Project Osborne


Update: George Osborne’s response to the loss of the AAA rating from Moody, is that he is just going to keep on doing what he has been doing.. in spite of the flat-lining economy, the increasing deficit and a potential triple-dip recession.  All of which adds substance to the suggestion that Osborne has another agenda.

Since it seems that the Tribune magazine website is still not working, I have taken the liberty of posting Ian Aitken’s excellent piece from the latest edition. Tribune is always an excellent source of left-wing thinking and cannot be more highly recommended.

‘Led into the Darkness by Tory guiding light Osborne’

by Ian Aitken

One of the most extraordinary features of present-day British politics is just how few of its citizens appear to realize how awful – indeed, how evil – their present Government really is.  Amazingly, this almost wilful blindness seems to apply as much to Labour voters as to Tories and Liberal Democrats.

Yet it becomes increasingly obvious with every day that passes that the true aim of George Osborne – who remains the ideological guiding light of the Tory wing of the coalition Government – is the destruction of the entire post-war settlement which emerged from the achievements of the 1945 Labour Government. Osborne is hell-bent on dismantling the welfare state in its entirety, and he doesn’t seem to care what else he has to destroy to achieve his aim.

What makes it even more outrageous is that Clement Attlee and his colleagues had a massive parliamentary majority behind them when they took office, and therefore an unchallengeable popular mandate for what they intended to do.  David Cameron and company have no majority, and therefore no mandate.  They did not win the 2010 election, and such majority as the Government possesses relies on the votes of Lib Dem MPs, not one of whom ran on an Osborne programme when they were elected.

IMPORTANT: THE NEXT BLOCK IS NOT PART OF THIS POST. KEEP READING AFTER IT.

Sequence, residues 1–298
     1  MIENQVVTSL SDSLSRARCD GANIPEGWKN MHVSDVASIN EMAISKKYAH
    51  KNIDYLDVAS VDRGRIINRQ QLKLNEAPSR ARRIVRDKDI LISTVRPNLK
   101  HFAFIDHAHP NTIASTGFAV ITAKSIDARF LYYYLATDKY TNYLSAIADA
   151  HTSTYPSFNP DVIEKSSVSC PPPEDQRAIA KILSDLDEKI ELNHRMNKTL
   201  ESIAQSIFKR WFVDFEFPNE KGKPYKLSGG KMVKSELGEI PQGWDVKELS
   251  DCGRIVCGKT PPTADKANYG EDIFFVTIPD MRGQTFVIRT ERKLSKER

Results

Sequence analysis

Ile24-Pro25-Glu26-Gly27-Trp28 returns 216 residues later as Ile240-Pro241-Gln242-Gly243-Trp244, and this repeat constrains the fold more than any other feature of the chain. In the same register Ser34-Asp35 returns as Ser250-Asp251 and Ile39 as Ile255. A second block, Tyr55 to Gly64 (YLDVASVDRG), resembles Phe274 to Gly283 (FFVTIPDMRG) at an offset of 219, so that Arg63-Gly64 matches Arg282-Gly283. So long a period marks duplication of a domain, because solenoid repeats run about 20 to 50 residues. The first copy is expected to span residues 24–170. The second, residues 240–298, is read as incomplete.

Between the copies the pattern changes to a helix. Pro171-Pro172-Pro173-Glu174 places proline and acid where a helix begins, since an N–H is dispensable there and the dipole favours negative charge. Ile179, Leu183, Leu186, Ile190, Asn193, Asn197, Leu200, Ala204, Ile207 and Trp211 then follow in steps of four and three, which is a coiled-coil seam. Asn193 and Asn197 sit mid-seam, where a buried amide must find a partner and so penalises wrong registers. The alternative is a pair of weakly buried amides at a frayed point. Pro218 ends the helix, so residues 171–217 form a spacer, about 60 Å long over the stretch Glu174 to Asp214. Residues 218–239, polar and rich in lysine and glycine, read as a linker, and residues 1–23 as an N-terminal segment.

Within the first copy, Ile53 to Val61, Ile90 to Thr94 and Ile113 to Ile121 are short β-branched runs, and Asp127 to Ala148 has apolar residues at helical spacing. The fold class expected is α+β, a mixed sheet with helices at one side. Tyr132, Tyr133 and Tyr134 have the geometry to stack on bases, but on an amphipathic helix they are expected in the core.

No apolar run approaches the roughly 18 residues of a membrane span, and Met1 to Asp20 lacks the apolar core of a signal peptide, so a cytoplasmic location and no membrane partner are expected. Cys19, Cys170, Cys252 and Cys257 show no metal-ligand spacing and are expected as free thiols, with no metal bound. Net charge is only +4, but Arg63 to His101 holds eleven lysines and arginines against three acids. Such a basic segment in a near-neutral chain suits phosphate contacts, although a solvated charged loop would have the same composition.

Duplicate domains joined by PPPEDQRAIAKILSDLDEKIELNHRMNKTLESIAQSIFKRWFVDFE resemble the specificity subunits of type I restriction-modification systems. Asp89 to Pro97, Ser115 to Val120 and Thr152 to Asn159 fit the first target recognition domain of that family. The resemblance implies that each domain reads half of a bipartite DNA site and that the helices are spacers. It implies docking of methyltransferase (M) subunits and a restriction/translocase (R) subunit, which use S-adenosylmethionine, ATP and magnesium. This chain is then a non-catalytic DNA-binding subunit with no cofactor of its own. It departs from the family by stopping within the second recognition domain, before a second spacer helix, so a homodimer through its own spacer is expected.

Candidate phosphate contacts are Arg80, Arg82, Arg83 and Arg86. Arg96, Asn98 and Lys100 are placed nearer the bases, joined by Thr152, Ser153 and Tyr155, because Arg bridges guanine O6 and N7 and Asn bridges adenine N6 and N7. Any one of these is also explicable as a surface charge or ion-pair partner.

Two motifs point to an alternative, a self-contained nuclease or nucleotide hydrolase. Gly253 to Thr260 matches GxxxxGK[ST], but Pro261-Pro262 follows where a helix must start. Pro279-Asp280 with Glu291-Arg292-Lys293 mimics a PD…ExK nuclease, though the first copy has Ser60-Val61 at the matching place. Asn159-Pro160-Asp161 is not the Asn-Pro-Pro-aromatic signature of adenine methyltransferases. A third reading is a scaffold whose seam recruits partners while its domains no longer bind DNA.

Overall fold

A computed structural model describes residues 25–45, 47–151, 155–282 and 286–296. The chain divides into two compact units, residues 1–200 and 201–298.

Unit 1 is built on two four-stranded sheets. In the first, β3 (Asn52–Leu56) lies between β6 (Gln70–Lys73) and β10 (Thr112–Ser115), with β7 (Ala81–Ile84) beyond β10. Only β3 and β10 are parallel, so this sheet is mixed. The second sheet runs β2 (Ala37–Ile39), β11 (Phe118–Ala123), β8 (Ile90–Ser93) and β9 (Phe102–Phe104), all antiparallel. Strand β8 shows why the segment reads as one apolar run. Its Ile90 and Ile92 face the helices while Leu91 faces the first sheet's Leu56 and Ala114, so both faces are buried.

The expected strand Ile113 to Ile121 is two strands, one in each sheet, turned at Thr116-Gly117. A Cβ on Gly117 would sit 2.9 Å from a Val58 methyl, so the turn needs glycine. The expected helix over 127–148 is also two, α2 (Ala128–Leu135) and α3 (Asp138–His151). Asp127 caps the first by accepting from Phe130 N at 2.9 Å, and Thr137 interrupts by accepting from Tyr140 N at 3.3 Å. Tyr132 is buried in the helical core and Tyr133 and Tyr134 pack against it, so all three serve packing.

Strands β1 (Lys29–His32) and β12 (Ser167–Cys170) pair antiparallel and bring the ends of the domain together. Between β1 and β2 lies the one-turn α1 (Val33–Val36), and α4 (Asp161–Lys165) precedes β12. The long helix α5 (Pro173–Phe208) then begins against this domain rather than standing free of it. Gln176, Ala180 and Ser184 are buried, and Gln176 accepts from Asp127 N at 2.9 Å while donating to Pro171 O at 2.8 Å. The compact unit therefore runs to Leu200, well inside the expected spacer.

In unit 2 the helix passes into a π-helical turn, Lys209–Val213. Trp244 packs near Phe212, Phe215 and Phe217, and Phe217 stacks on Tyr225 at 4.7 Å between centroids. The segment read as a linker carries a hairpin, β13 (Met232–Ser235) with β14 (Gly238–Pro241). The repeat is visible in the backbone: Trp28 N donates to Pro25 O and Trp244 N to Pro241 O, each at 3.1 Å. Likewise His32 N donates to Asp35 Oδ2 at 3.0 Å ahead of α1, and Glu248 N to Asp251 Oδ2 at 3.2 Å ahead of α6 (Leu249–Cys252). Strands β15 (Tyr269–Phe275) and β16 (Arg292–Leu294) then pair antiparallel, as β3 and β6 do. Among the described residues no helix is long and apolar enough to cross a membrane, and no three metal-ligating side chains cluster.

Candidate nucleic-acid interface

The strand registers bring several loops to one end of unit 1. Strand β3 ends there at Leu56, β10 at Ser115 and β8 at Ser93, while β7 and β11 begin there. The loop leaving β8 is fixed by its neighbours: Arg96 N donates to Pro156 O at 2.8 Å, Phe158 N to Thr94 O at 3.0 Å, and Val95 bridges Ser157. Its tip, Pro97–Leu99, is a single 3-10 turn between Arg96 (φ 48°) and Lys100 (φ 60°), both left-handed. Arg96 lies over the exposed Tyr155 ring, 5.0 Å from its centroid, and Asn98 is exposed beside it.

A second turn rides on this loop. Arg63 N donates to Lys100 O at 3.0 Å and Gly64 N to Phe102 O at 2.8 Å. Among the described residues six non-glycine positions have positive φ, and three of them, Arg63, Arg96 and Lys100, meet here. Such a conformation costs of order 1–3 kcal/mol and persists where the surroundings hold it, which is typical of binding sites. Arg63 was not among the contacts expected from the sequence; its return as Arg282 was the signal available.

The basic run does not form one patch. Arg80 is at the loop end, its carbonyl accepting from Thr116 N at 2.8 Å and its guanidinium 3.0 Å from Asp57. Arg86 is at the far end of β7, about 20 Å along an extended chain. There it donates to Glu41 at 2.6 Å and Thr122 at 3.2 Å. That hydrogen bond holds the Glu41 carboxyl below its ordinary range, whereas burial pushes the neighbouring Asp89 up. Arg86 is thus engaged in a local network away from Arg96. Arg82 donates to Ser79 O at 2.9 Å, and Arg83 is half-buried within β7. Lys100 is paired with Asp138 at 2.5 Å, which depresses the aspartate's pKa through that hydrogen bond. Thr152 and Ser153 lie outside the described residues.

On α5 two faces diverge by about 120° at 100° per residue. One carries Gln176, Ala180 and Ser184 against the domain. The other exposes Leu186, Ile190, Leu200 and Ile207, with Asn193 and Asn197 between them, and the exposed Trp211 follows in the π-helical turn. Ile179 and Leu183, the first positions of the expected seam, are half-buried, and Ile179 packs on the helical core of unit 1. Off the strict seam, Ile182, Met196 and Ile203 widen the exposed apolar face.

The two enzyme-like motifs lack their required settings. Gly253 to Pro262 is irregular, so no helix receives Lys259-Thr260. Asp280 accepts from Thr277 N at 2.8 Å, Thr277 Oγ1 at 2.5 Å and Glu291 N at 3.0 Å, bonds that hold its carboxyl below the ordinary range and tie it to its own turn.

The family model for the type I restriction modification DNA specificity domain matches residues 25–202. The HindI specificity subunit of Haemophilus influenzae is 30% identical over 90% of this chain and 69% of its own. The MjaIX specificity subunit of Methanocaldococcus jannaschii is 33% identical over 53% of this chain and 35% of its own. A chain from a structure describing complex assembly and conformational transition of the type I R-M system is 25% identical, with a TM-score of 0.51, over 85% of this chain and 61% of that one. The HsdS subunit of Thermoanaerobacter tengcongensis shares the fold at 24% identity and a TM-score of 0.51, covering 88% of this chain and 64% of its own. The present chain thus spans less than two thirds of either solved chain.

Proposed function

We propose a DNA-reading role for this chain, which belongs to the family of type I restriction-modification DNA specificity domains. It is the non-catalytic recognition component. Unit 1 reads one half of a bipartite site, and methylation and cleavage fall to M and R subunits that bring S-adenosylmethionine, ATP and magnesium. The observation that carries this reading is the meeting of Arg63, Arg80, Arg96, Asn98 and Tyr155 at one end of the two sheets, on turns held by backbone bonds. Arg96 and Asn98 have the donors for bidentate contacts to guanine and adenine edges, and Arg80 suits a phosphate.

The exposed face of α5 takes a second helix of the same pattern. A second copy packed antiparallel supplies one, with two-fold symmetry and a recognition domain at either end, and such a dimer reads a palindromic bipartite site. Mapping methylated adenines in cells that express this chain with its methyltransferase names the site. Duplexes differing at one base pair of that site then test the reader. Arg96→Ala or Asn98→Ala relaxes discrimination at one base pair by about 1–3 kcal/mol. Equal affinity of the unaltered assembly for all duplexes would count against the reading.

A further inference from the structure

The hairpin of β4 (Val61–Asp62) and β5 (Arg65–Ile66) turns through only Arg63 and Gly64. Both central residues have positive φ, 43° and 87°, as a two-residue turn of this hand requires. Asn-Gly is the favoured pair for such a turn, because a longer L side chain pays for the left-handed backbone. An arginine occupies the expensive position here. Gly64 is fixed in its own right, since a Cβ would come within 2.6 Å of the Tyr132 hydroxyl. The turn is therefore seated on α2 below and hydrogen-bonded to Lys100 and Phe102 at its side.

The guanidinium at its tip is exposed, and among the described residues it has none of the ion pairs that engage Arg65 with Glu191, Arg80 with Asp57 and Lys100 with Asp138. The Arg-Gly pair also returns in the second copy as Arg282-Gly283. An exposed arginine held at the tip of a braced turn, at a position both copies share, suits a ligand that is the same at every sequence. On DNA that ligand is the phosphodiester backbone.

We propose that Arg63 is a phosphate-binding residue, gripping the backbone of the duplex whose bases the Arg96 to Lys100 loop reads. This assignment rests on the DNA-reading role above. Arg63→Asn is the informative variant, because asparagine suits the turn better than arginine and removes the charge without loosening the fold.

I have no doubt that Osborne knows full well that this will be a one-term Government, and that he will be a one-term Chancellor.  So he clearly intends to complete the job of wrecking the welfare state before the inevitable defeat in 2015.  And he probably calculates that, provided he wields the axe with sufficient brutality, it will be almost impossible for any succeeding government to put Humpty together again.

That, I believe, is why Osborne appears to be so indifferent to the catastrophic impact his policies are having on the British economy.  It is blindingly obvious that his programme of savage cuts in state spending is contributing to the depth of the crisis, and even threatens to plunge the economy into a triple-dip recession.  Now even the International Monetary Fund is telling him to ease up on the austerity.  Yet he pays no attention whatever.

I am convinced that this is because, in his eyes, the spending cuts aren’t just instruments of a failed economic policy but a positive good in themselves.  They aren’t unfortunate measures forced on him by the need to cut the deficit (as he constantly tells us), but a specific means to creating a free market, stand-on-your-own-two-feet, devil-take-the-hindmost society of a kind that we have not seen in this country since the early years of Queen Victoria.

Margaret Thatcher began this process by deliberately creating the unemployment which enabled her to destroy the power of the trade unions.  Thanks to her, Osborne has been able to do his even more destructive work without having to worry about militant action by organized labour.  The pity of it is that he has hardly had to worry about the militancy of the labour movement as a whole – including, I fear, the Parliamentary Labour Party.

Can Osborne pull it off in the time left to him?  As things stand, he probably can.  But if the rag-tag army of the opposition parties – including not only the Greens but also a large swathe of the Lib Dems – can get themselves organized and into action, it is possible to slow the process so radically that Project Osborn could be derailed.  I can think of  nothing that matters more right now – certainly not horsemeat in burgers or (say) gay marriage.

So what is holding us back?  I fear that a major factor is the mood of cynicism which has engulfed the voting public ever since the scandal of MPs’ expenses.  Strangely, the ‘they’re all in it for themselves” culture that now holds sway on the doorstep has become the active ally of Project Osborne.  Too few people believe politicians who express the kind of innocently idealistic aims that formed the basis of Attlee’s great victory in 1945.

But this may be Ed Miliband’s opportunity.  Perhaps his lack of charisma could prove a positive advantage, just as it did for Attlee.  No one could accuse Clem of being in it for himself.  Nor, I think, could they accuse Ed.

22 February 2013 Tribune p5